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Saturday, October 28, 2006
« Upcoming presentation on SOA, Interopera... | Main | Performance Engineering in a SOA »

I wanted to thank everyone who showed up for my presentation last Thursday. I was pleasantly surprised to see Yasser Shohoud who used to be a local and wrote one of the first and best books on web services back in the day. Given that he is a pretty smart guy, he got snapped up by Microsoft to work on the Indigo/WCF product team and then eventually moved out to work as a Technology Architect at the Microsoft Technology Center in Austin, Texas. Good to see you again, Yasser!

I had a great time and really enjoyed the interaction during and after the presentation. It was interesting for me to give a presentation that was stressing an architecture/business focused, standards based, vendor-neutral approach to SOA to an audience that was composed of MS technology developers and architects as well as Microsoft employees at a Microsoft Technology Center facility! The credit for establishing a forum that allows such diverse views definitely goes to Geoff Snowman, a local MS Technology Architect who is very involved in this space.

We actually had a pretty healthy discussion about the the role of ESBs in a SOA Environment. I recently came across this "ESB Market Report" that seems relevant to that conversation, so I thought I'd point to it. I resonate most closely with the comments made by Anne Thomas Manes in that article:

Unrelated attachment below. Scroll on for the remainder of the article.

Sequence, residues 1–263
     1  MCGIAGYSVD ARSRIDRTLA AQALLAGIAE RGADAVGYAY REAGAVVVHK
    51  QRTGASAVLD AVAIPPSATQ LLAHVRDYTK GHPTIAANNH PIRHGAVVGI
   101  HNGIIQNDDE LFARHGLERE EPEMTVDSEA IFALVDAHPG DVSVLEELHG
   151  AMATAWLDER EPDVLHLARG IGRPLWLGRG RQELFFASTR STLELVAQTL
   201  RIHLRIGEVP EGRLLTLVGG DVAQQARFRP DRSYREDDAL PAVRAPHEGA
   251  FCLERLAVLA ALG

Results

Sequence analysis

ESBs are just one type of SOA intermediary; other types are Web services management products, XML gateways, pureplay mediators like SOA Software and Apache Synapse, and platforms, according to Anne Thomas Manes, vice president and research director at Midvale, Utah-based Burton Group Inc.. She believes ESBs are best suited for complex aggregation and transformation of data, legacy access and orchestration. "I don't typically recommend using an ESB for mediation, they're more in the platform category," she said. "I typically recommend an XML gateway or Web services management product. Both have stronger security mediation."

My one point of ambivalence with Anne's comments are with the usage of ESBs for orchestration functionality. Orchestration to me has always been something that happened from a single perspective. A service or an application orchestrates a series of actions. As such, orchestration is to me a technical implementation of a Task-Based Service and is not something that should be in the Infrastructure. I have not been convinced that Orchestration Engines in the "Cloud" are the right way to move out.

To the person who had questions about WS-Notification and WS-Eventing, let me point you to:

There are some politics being played in this (Surprise!).. Check out this entry from Joe McKendrick to see the details.

As to the gentleman who brought up the SOA == Web Services question, I would like to provide a couple of resources that demonstrate the application of SOA principles but do NOT use Web Services.

SOA is an Architectural Style, Web Services are a standards based middleware platform for building Services. One does not equal the other.

10/28/2006 3:05 PM Eastern Daylight Time  |  Comments [0]  |  Disclaimer  |  Permalink   
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